By Neil Cosgrove
A year ago Post-Gazette publisher John Robinson Block and his henchman, editorial page editor Keith Burris, fired political cartoonist Rob Rogers, who had spent 34 years (25 with the Post-Gazette) building a loyal Pittsburgh and then national following of readers.
This month Rogers’ version of his final days at Pittsburgh’s last remaining daily newspaper— Enemy of the People: A Cartoonist’s Journey (IDW Publishing)—becomes widely available. The book only exists because the cartoonist refused the severance package Burris and Block offered him on June 14, 2018—six months’ pay in exchange for a non-disparagement agreement and ownership of every cartoon he ever drew for the P-G, including those management refused to publish.
Wisely, Rogers rejected the paper’s offer, realizing he could further his own cause and that of political cartooning in general by disparaging the P-G’s management and getting all the cartoons relevant to his saga in print—including the string of cartoons and ideas Burris killed in the three months from when he became editorial director to the day of Rogers’ dismissal.
The trouble didn’t begin with Burris, Rogers relates, but with publisher Block’s sudden infatuation with candidate Donald Trump in late 2015. Several commentaries from former colleagues and fellow cartoonists appear in the book, but one of the most informative comes from Tom Waseleski, who served on the P-G’s editorial board from 1990 to 2016.
“In January 2016, when the publisher demanded that I, as editorial page editor, begin to shift the Post-Gazette editorial board and its opinions toward the positions of candidate Trump, I refused,” writes Waseleski. He and the deputy editorial page editor both left the paper two months later.
Following those departures, the paper’s editorial pages did make a sharp rightward turn, leaving the left-leaning Rogers in an uncomfortable but not yet untenable position. Newspapers’ editorial pages generally strive to reflect a multitude of political positions. Along with refuting management’s claim that they sought to “work with” a recalcitrant Rogers, the cartoonist wants to use his book to argue for the value of diverse opinions and deliberate provocation, calling for back-up from former colleague Dennis Roddy, a Republican who once worked for Pennsylvania’s ex-Governor Tom Corbett.
“Newspapers are more than private property,” Roddy testifies. “They are … civic trusts protected by the Constitution and, as such, part of a social contract. Their obligation is not only to be independent voices, but to elevate the culture by enabling and nurturing independence of thought.”
Unfortunately, as Trump’s presidency entered its second year, it became increasingly clear that the publisher could no longer tolerate Rogers’ “independence of thought” or the irritating ways in which the cartoonist applied his considerable talent. Burris was brought in from Block Communications’ other daily, The Toledo Blade. Burris told Rogers his cartoons were “not funny or insightful but simply angry and mean.”
Another mission of Rogers’ book, consequently, is to provide a sampling of previous cartoons satirizing five earlier presidents, including one memorable example of Bill Clinton delivering the State of the Union address literally “butt-naked.” Another depicts a retiring Pope Benedict as a cranky old guy ordering progressive Catholics to stay off of his lawn. (PreBurris editors wouldn’t publish that cartoon.) But perhaps the most powerful case made by Rogers’ book is that his departure has left Post-Gazette readers severely malnourished, political-cartoonwise. His successor, Steve Kelly, is a truly “pale” substitute for his savory predecessor. While Rogers’ cartoons fill the frame with bright colors, Kelly’s feature plenty of white space and look like they took many turns in the rinse cycle. Rogers’ lines curve and sweep; Kelly’s are vertical, with sometimes stick-like figures.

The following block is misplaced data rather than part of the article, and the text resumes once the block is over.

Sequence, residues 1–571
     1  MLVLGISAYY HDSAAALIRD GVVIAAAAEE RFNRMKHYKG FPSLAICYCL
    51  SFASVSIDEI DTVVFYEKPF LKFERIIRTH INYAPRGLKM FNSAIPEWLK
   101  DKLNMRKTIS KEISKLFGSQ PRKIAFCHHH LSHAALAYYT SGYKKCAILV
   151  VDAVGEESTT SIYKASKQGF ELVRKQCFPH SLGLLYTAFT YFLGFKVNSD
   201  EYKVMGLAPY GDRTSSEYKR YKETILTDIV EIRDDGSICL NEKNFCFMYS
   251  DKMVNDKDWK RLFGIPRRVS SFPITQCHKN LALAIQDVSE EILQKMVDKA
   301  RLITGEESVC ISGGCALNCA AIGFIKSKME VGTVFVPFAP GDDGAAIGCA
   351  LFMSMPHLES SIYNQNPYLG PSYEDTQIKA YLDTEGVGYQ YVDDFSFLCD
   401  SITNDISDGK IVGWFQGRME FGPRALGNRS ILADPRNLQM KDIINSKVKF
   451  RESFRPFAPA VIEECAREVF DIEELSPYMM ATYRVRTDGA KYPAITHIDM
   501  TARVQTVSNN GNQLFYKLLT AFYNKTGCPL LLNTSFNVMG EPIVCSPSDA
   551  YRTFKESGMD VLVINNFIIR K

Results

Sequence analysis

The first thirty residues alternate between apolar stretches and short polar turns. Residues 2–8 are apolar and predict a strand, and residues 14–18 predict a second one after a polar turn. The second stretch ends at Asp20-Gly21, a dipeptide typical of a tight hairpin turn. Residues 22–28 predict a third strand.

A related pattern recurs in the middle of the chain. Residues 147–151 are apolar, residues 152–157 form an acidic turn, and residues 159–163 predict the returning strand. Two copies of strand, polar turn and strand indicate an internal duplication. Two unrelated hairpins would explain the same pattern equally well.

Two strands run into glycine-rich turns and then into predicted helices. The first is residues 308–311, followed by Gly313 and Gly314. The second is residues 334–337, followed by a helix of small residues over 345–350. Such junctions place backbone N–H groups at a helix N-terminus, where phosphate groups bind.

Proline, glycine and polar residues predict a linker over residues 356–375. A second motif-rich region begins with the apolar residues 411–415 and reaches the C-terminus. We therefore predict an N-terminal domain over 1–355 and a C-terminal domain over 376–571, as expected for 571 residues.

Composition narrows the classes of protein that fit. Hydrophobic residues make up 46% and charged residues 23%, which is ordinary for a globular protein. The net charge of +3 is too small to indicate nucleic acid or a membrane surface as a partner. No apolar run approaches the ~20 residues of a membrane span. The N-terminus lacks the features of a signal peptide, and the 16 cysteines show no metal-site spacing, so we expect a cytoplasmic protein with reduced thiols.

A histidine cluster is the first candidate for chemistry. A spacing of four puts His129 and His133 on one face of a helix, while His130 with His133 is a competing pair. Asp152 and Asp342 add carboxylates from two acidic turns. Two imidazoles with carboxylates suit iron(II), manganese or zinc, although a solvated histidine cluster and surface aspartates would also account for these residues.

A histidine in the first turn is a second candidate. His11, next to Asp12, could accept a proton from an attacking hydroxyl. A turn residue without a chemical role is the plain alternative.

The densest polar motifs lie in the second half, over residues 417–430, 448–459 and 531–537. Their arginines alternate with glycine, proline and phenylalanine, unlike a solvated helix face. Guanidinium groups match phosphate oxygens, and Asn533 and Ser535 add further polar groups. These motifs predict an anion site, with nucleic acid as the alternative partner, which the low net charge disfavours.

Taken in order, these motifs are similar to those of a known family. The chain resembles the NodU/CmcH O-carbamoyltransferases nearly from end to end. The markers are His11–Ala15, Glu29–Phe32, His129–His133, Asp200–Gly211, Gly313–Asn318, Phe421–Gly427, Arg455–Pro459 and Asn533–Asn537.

Rogers uses space to illustrate how his caricature of Trump evolved, while Kelly’s depictions of supposedly well-known figures can be unrecognizable. In one cartoon Kelly has a bystander telling another through a dialogue balloon that it’s David Letterman he’s satirizing; actually it’s the cartoon’s reader who needs help identifying his subject.
And then there’s the level of wit each cartoonist displays. Rogers’ jokes are commonly based on some specific, recorded occurrence, with an occasional secondary joke squeezed into a corner of the frame. Kelly relies heavily on straw-man suppositions, in which the satire is more about what someone on the right imagines his object of ridicule would do or say than on anything that actually occurred.
Block and Burris have succeeded, through Rogers’ firing, in making the Post-Gazette’s editorial pages much friendlier towards President Trump. During two weeks in early June, when Trump paid a state visit to Britain, threatened to place tariffs on Mexican imports, and said that once again he would gladly accept valuable dirt about political opponents from another country, Kelly featured him in two cartoons. One praised Trump, despite the protests of a distraught housewife, for using the “tariff” wrench to stop a flooding southern border. Another contrasts his hand-over-the-heart attention to the flag with Bernie Sanders taking a knee while holding a banner reading “Socialism.”
Meanwhile, Rogers continues to create cartoons, which can be found at GoComics and on the cartoonist’s own website, Facebook page, and Twitter account. Seeking those cartoons out is a form of support, as is the purchase of this entertaining book.
Neil Cosgrove is a member of the NewPeople editorial collective and the Merton Center board